Several of the chain’s units serve breakfast featuring hickory-smoked bacon and whole-hog sausage, but chorizo, a spicy Mexican sausage, was tested and rejected. “Our guests made it loud and clear they didn’t want anything over the top,” LaFauci says.
Chorizo is available at a handful of Moe’s Southwest Grill locations that serve the morning meal, but the company’s main pork item across the menu is meat pulled from a shoulder cut rubbed with spices and cooked slowly in a tomatillo-based sauce.
“It’s all about the tender, savory flavor of the pork,” says Pat Peterson, executive chef for the chain, based in Atlanta. “The verde sauce gives it an acidic brightness. There are real Southwestern notes, with brown sugar and garlic salt in the rub.”
Unlike heavier tomato-based barbecue sauces often used with pulled pork, “the tomatillo really lifts up the flavor,” he says. The company is looking at ways to use pulled pork in some new items and is considering chorizo for others.
El Pollo Loco, a quick-service restaurant company known for its Mexican-style chicken dishes, also has dabbled in pork. The chain featured pulled pork in several limited-time offers two years ago that did so well that they returned last year.
“We have the luxury of fitting in a spot in the market that appeals to both Hispanic guests and to the general population,” says Heather Gardea, executive chef and vice president of research and development for the Costa Mesa, California–based company.
“Pork plays well because it is traditional and harkens back to a homey aesthetic,” she adds. “For us, it’s a natural fit for tacos, quesadillas, and burritos.”
El Pollo Loco worked with different cuts of meats, spices, and marinades, layering flavors and textures to create flexible, but authentic, carnitas. A pork cushion was chosen because it provides “this great, deep flavor that develops over time,” Gardea says.
Pork is a major protein in a number of Asian nations, and it shows up in items like the egg rolls at Pei Wei Asian Diner, the barbecue pork baos at Wow Bao, and in pork and chicken meatballs at ShopHouse Southeast Asian Kitchen.
Pizza makers have added a variety of new pork products, with many large and small players making pulled pork and chorizo part of their menus, which already include traditional varieties of sausage, bacon, meatballs, and pepperoni. Some fast-casual pizza operators have gone beyond that. Sbarro’s fast-casual brand, Pizza Cucinova, features toppings like prosciutto and soppressata, a dry Italian salami.
Pork products have been important to sandwich builders for years, and items such as ham, salami, and pepperoni remain popular among consumers. The three top-selling sandwiches at Firehouse Subs include pork, led by the Hook & Ladder, featuring Virginia honey ham from Smithfield Foods among its ingredients.
“Pork brings rich flavor,” says John Robertson, senior director of technical services for the Jacksonville, Florida–based sub chain. “The fat is great for the flavor and moisture.”
Firehouse Subs has also had success with pulled pork in LTOs, using meat from pork butts smoked by a vendor using hickory, pecan, mesquite, and oak woods. The pulled pork also will be part of a new regular sandwich, Thai Chile Pork, Robertson says.
The most popular sandwich at Menomonee Falls, Wisconsin–based Cousins Subs has long been the Ham and Provolone offering, while the most pork-centric is the Big Daddy, with two types of ham, cotechino bologna, Genoa salami, and pepperoni. Cousins has also featured home-state Johnsonville bratwurst in some limited-time specials and created others that use pulled pork.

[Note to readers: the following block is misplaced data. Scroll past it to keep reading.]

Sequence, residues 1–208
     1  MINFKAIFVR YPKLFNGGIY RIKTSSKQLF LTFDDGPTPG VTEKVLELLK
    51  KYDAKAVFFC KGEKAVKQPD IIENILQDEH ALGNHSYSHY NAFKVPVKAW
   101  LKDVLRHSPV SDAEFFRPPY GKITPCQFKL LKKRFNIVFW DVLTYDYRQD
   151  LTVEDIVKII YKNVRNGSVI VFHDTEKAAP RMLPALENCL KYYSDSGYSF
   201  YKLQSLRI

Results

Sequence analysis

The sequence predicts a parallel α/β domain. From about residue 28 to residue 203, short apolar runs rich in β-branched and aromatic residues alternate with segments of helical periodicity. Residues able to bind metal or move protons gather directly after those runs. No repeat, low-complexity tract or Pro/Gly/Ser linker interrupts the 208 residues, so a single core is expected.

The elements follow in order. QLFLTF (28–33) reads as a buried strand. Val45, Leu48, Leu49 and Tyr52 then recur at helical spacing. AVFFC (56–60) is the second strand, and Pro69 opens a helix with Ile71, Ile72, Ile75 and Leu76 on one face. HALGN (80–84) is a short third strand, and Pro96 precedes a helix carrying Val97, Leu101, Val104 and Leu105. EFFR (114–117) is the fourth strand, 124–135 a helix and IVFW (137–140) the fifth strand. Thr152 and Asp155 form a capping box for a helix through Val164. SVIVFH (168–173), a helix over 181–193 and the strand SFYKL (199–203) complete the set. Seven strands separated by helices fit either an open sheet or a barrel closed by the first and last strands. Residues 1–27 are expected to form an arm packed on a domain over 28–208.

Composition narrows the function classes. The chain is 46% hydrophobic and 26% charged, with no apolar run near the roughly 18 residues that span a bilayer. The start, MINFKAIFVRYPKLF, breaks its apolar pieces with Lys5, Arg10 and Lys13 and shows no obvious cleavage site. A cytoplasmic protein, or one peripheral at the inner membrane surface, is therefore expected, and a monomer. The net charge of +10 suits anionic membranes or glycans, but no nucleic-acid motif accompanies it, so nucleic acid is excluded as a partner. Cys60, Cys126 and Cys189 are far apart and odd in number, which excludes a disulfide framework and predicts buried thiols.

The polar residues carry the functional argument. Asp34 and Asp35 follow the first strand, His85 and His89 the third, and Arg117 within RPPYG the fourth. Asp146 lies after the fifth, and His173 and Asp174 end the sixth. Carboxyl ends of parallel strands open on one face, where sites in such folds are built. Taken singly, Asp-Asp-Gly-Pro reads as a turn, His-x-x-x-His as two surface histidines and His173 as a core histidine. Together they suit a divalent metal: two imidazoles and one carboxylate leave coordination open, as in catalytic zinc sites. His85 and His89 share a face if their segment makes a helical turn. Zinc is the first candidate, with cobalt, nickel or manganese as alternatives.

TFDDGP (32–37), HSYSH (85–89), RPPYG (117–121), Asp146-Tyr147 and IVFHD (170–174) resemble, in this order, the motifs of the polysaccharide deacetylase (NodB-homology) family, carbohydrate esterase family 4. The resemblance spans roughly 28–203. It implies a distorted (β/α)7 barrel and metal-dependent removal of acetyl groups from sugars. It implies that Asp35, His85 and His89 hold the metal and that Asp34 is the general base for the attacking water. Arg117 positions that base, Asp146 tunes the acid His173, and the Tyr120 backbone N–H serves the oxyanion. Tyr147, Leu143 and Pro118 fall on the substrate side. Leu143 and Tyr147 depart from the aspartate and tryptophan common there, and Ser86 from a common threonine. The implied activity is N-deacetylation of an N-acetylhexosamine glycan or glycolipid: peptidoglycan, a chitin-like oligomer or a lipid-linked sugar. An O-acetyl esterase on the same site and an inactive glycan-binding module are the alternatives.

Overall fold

“When we do LTOs, we usually run them in pairs, so we need something versatile,” says Justin McCoy, vice president of marketing.
One LTO duo last year included a sandwich with pulled pork and steak along with the Cubano, Cousins’ version of a Cuban sandwich, which included other traditional ingredients of that build: ham, Swiss cheese, mustard, and dill pickles.
Several limited-service restaurants have looked to their own Cuban-inspired menu items, including Dunkin’ Donuts. Even Moe’s tried a Cuban-style burrito.
Newk’s Eatery, based in Jackson, Mississippi, launched a Cuban sandwich and two other limited-time offerings last fall featuring pork tenderloin that was hand-rubbed with spices and brined at the restaurants before being roasted and sliced.
“We started playing around with the idea of a pork product for a Cuban sandwich that also could be paired with our ‘Q’ white barbecue sauce in another sandwich,” says Alan Wright, vice president of marketing and franchise development for the fast-casual chain. “We also offered it in catering, so it was a great extension to our menu—a win-win-win for us. The pork had a lot of good customer comments, and we’re going to have some variation on it in the future.”
One innovative use of pork in the limited-service industry is the brown sugar roasted pork loin at Fresh To Order, an Atlanta-based fast casual with about a dozen locations. The loin, listed at the top of the chain’s long-plate menu, is house-brined and then crusted with brown sugar, olive oil, rosemary, salt, and pepper. After being roasted daily, the pork is carved to order and served with sweet mashed potatoes and apricot chutney.
“The pork does fantastically well” with those sides, says Jesse Gideon, the company’s chief operating officer and corporate chef. “It is easy to manage, with a great meaty texture. It provides very good plate coverage and great value, because it’s not expensive.”
There’s a smaller, appetizer-size version of the pork loin plate, and the meat does double duty in sandwiches, salads, and the Brunswick stew. The pork panini, for instance, also features sweet potato aioli, caramelized onions, lettuce, and two cheese varieties.
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